Ice Breakers 

The fringe culture of ice climbing

click to flip through (5) PHOTO BY CHRIS CHRISTIE. - Tim Emmett walking through the blocks of ice towards the base of Helmcken Falls, British Columbia. Here, the climbing route called 'Wolverine' is the world's only known example of a WI11 grade (system which measures the difficulty of routes on water ice). This ranking denotes previously unheard of climbing running steep to horizontal through fragile stalactites of spray ice.
  • Photo by Chris Christie.
  • Tim Emmett walking through the blocks of ice towards the base of Helmcken Falls, British Columbia. Here, the climbing route called 'Wolverine' is the world's only known example of a WI11 grade (system which measures the difficulty of routes on water ice). This ranking denotes previously unheard of climbing running steep to horizontal through fragile stalactites of spray ice.
 

A jagged mist sprays my face as the serrated pick of my ice axe strikes its target. I pull on the handle of the shaft to test the placement – it's solid. I look down at my boots, the jagged teeth of my crampons firmly clawing into the slippery wall. I find some small mushrooms of ice near my knees and hear a satisfying crunch as I kick my toes in against the frozen wall. I look up at roughly 15 more metres of this frozen chandelier, determined to finish what I started.

My forearms burn from the vice-like grip on the tools, my tense hands restricting much needed blood flow to my fingers — a common mistake for an ice climbing rookie. I take a deep breath and attempt to relax my grip, I'll need every calorie of energy if I'm to finish this climb. I grunt as I swing the other tool high above my head, and wonder what the hell I'm doing up here.

Ice climbing has roots in the storied history of 19th-century European mountaineering. Long regarded as one of the many disciplines of climbing that would help alpinists reach their summit goals, ice climbing has slowly gained traction as a veritable mountain pursuit, spurred by a culture of seasoned climbers seeking the more aesthetic route to the top instead of the most direct. Like most modern sports, technological development of equipment springboarded ice climbing to the next level of popularity. The first 10 point crampon was invented in 1908 by English engineer and mountaineer Oscar Eckenstein, a design he published several articles about in Ostereich Alpenzeitung, the Austrian Alpine Journal. Eckenstein was adamant that these pieces of metal would change the way people scaled mountains and soon took his design to Italian blacksmith Henry Grivel. The Grivel family had been manufacturing equipment for alpinists since 1818 and had garnered a huge following in the mountaineering community. The new crampon design eliminated the need for "step cutting," a laborious process where every step taken on the snow or ice required chiselling a step with a pick or axe. Twenty-two years later, Henry's son Laurent Grivel modified the 10-point design to include two extra "fangs" on the toe of the crampon, allowing climbers to navigate steeper and even near-vertical ice. The Grivel 10-point crampon remains relatively unchanged to this day, its design has been copied by countless manufacturers and it was included as part of "The Most Influential Gear of All Time" by Outside Magazine in 2012.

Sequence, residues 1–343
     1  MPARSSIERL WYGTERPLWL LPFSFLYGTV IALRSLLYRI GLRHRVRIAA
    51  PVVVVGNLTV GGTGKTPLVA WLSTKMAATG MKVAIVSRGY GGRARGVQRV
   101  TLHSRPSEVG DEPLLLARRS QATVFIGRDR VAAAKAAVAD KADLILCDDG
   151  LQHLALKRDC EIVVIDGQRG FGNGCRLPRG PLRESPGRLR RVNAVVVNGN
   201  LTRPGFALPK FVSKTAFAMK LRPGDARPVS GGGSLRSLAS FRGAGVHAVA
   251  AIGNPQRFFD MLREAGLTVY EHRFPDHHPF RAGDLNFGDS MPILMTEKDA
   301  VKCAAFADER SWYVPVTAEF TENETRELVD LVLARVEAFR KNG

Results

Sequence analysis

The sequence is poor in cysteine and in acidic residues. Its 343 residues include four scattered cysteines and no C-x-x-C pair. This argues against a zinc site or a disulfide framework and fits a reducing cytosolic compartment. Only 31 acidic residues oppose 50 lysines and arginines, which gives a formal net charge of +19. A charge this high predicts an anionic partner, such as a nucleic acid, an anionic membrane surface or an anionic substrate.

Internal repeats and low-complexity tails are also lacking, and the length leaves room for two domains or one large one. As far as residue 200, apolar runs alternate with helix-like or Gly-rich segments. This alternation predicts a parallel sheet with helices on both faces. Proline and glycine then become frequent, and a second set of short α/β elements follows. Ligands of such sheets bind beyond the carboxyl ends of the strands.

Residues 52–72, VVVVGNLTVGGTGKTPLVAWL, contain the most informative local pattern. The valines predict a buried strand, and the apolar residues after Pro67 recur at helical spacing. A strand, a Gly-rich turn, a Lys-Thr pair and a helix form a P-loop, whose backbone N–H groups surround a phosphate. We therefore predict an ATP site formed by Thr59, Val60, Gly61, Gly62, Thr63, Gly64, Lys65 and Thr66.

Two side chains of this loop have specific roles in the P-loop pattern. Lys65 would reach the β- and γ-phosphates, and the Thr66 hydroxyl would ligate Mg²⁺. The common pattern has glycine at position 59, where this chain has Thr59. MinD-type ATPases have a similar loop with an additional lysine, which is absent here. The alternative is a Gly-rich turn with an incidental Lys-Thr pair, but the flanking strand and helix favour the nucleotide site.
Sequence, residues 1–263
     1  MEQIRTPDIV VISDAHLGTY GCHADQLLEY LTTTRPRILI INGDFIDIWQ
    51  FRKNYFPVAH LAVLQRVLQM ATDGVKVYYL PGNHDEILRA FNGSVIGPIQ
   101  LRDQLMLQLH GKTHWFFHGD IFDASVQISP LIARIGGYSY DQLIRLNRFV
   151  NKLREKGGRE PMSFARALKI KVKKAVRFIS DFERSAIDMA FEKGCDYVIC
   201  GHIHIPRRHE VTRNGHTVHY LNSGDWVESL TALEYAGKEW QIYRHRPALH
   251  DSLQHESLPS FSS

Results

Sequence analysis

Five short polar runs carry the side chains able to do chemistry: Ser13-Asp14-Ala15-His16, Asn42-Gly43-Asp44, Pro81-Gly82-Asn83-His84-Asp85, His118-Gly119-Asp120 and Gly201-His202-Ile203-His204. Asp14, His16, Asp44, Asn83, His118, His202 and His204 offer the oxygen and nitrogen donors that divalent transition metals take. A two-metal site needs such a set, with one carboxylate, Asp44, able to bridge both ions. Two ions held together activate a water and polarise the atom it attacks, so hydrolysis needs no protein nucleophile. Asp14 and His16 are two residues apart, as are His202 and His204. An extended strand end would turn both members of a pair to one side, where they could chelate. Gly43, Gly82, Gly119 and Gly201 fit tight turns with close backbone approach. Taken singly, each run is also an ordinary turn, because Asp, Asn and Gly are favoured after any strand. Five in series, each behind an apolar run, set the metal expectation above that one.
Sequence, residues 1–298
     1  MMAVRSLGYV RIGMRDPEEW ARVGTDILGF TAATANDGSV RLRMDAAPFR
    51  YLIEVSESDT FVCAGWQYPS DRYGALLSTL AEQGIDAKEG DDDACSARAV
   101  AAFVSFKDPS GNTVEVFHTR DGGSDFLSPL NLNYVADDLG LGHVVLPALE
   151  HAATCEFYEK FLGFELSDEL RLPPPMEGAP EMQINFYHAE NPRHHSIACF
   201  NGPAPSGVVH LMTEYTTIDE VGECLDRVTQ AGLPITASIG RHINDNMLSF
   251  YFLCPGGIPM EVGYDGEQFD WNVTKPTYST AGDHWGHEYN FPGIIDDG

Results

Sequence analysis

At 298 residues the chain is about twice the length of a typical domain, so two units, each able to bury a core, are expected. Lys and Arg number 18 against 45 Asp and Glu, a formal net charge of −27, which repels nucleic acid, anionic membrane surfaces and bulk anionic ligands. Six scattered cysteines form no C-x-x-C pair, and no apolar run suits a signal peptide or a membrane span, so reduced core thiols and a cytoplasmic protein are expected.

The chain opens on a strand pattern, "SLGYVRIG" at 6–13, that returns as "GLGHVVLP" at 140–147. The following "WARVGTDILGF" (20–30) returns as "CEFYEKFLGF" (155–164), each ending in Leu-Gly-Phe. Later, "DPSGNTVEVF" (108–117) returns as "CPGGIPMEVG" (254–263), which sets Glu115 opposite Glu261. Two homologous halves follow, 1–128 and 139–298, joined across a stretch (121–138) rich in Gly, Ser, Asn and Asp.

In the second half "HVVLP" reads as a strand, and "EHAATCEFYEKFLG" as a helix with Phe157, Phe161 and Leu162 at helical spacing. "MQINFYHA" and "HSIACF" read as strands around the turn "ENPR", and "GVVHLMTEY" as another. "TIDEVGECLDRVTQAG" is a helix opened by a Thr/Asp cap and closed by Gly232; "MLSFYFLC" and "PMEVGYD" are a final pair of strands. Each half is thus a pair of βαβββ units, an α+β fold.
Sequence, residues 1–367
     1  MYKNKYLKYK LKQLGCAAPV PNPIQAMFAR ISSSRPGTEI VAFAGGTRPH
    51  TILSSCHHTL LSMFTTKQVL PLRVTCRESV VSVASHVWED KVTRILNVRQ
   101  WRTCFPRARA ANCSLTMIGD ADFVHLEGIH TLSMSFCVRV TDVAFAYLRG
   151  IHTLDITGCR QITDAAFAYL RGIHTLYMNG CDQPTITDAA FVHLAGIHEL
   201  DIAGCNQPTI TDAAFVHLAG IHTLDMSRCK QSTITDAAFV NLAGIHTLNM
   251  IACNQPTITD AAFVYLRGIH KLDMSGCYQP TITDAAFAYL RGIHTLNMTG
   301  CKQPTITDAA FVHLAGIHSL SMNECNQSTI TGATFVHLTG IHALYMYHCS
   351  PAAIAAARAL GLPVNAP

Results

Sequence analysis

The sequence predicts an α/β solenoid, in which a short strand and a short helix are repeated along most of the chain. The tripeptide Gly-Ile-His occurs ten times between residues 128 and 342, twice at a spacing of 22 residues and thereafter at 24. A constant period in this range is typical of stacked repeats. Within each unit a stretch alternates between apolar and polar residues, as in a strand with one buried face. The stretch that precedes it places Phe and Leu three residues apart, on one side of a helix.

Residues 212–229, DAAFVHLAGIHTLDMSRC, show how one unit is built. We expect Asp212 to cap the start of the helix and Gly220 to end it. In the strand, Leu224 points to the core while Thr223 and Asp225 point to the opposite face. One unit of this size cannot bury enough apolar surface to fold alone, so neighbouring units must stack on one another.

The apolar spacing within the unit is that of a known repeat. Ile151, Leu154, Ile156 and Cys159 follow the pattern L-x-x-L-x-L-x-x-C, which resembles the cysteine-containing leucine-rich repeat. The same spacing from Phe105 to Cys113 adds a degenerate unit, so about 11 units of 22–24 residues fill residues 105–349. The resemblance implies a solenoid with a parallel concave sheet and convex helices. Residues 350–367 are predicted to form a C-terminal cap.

The ice axe — commonly referred to as a "tool" — has also developed over the years. The traditional straight-shaft mountaineering axe is still widely used for glacier travel and alpine climbing, but every type of modern ice axe bears the mark of the work of Yvon Chouinard. A pioneer of pure ice climbing in the 1960s, Chouinard had tried every tool available in the glaciers above Chamonix and decided none of them worked well enough to scale vertical ice. He shaped the pick to match the curvature of the swing, an ingenious yet simple modification that revolutionized the sport. Modern ice tools now also have a curved shaft to allow "hooking" over outcroppings, also allowing easier removal from the ice. The leashless ergonomic handles allow the climber more opportunity to shake their hands and restore blood flow without dealing with cumbersome wrist straps. Not only can climbers now strike vertical ice with unprecedented confidence, they can scale overhangs and perform remarkable manoeuvres on both ice and rock or a mixture of both.

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